Convento San Pablo in Arequipa
Yesterday Bob Knickerbocker and I arrived in Arequipa, a smaller city of about 500,000 people in the south, near the mountains, nested between three volcanoes. Life here is quite different from that in Lima, much slower and affable. I hope to get about town and take some pictures for you, but for now I have some of the priory here.
The priory is generally called Santo Domingo (after the church and generally referring to the Dominicans). It was made in 1563 out of native volcanic rock which gives it a very solid and beautiful look. Top left is a view of the walkway under the porticos. The light filtering in changes all day. All of the churches here are made of the same stone, hand carved hundreds of years ago. The priory has three courtyards, and at the middle left is the one most used. It has graceful curving steps that lead upstairs, and a sitting area under a grape arbor that is the center of community life.
On the left is a picture of the kitchen, an interesting blend of old and new. It has a modern (but old) stove and a large rock for grinding flour the traditional way. Benito, the cook, took a moment to demonstrate for us, since he had already ground what he needed for the day.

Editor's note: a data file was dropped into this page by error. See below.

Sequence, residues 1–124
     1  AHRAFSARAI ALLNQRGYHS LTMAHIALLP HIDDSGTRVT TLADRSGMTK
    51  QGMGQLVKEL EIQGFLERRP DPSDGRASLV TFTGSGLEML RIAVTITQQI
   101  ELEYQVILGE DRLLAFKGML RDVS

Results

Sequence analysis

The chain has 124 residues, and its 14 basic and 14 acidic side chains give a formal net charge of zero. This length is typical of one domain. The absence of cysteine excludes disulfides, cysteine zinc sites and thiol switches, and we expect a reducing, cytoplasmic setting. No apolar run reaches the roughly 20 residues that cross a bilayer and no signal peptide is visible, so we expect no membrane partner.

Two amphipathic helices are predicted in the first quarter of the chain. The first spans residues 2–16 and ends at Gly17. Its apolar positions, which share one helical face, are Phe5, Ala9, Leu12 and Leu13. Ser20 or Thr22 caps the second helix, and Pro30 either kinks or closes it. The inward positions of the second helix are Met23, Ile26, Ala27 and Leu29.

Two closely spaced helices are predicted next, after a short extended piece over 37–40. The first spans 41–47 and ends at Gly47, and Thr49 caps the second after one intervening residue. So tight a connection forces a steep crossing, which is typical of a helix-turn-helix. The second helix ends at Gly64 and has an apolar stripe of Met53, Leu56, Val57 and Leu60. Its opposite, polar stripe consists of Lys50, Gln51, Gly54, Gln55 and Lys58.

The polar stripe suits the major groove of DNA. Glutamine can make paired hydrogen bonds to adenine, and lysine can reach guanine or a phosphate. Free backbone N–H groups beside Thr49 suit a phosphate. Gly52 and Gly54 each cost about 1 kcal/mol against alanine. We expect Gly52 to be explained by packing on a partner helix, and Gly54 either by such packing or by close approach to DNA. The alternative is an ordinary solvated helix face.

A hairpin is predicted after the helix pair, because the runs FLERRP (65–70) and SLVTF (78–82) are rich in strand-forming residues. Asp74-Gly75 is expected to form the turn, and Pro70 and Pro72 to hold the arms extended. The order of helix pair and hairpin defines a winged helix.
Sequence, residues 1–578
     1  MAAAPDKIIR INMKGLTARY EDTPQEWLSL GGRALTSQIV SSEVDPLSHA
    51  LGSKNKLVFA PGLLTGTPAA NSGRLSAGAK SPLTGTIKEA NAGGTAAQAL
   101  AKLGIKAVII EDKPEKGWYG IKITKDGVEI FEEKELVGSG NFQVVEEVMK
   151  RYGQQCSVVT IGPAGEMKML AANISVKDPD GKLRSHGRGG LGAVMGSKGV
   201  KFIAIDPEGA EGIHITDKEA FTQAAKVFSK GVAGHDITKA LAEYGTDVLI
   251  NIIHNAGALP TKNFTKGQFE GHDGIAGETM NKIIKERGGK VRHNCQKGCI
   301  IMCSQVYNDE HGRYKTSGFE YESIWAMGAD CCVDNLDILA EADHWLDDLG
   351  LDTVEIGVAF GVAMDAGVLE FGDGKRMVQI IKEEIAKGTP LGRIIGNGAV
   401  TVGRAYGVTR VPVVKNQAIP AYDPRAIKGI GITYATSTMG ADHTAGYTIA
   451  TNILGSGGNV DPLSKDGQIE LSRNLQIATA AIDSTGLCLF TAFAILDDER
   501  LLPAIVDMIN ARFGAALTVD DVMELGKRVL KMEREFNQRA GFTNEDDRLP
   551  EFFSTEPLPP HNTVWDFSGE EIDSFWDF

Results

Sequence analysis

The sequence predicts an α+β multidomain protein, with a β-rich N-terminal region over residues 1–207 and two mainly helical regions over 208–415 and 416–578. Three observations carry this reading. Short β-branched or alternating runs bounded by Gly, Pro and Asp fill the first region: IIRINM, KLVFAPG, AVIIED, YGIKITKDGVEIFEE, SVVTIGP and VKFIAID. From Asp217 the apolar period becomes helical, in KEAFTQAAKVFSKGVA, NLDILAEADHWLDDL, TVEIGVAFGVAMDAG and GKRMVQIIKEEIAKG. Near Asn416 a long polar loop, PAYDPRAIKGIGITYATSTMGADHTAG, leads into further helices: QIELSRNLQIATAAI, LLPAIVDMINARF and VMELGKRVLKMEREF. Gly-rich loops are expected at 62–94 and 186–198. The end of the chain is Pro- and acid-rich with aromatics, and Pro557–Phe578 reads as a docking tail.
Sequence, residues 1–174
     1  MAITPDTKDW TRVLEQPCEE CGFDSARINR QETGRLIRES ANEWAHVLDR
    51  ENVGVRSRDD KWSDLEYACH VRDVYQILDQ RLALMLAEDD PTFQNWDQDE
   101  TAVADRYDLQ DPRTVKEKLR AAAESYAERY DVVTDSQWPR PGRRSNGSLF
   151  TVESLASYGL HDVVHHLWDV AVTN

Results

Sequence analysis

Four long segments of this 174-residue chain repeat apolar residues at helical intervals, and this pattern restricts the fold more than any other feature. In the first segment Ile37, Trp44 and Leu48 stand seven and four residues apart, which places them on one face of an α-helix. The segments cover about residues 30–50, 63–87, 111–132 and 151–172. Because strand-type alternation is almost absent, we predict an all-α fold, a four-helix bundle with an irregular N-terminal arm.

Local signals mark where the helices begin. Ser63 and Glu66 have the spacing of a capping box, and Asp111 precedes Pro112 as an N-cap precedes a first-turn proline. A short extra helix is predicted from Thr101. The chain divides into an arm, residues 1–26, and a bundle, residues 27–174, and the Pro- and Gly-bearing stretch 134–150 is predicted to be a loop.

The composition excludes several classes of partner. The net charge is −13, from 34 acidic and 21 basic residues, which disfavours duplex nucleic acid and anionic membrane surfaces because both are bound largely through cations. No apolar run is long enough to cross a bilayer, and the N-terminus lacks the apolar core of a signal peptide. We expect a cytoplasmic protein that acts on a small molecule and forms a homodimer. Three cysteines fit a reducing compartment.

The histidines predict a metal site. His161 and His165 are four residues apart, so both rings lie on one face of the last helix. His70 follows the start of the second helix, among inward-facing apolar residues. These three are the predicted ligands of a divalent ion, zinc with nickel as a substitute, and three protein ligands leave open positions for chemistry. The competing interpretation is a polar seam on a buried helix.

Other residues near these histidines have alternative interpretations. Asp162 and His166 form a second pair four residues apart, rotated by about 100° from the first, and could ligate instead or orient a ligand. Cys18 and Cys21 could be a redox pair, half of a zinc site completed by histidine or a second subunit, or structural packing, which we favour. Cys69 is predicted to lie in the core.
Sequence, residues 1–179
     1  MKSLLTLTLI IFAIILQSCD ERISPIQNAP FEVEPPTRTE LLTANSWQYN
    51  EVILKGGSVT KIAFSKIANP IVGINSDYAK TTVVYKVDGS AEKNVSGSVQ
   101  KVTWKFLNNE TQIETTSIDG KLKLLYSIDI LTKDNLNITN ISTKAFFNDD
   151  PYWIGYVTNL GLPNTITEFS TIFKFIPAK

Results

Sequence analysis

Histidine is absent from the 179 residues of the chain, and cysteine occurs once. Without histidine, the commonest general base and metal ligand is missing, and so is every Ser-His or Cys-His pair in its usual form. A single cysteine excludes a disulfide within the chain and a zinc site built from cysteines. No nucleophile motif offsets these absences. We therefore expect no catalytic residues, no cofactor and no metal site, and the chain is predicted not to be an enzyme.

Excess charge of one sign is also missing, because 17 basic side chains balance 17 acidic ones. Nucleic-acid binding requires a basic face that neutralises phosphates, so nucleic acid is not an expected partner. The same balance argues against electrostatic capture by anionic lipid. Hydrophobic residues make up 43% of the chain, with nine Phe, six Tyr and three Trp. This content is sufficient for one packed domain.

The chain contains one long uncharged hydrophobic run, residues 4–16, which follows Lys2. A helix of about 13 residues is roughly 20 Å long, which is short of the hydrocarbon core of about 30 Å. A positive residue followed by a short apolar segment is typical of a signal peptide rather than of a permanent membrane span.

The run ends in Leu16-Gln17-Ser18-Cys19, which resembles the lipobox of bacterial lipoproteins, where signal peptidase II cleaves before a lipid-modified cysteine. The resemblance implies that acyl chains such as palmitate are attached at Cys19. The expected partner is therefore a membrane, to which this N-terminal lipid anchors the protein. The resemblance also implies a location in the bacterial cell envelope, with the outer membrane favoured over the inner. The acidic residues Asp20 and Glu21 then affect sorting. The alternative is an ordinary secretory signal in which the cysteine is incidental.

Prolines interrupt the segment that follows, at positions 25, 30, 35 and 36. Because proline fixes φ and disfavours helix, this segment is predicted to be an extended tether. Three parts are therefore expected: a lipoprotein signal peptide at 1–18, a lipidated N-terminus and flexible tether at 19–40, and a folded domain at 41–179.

Here are a few views of the church. It is receiving a new floor at the moment. The top picture shows the vaulted ceiling, sort of Romanesque. Again, the way the light plays off of the rock makes it seem as if the walls themselves glow.
Here is a stairway connecting the church and the priory. There is an intricate series of rooms in between these buildings. It gives on the feeling of hidden passageways and secrets from hundreds of years past. In fact, it has many secrets to tell, because it was the novitiate in the old days and we all know how that goes....
The priory also has a very old library. The top photo shows a book which was printed in 1696 on the life of St. Joseph, husband of Mary. It bears an inscription that is was obtained for the library here in the 19th century.
In the corner of the library is a real skull, or at least it looks real. In medieval art, the skull represents wisdom as wisdom is achieved in pondering one's death and the shortness of life. I assume that is what this fellow is doing here, but how do you tactfully ask that in Spanish?
As I look back on this page, I see there are very few pictures of real people. Click here for some photos of the brothers, and just wait, more photos are on the way and these will have real live people in them.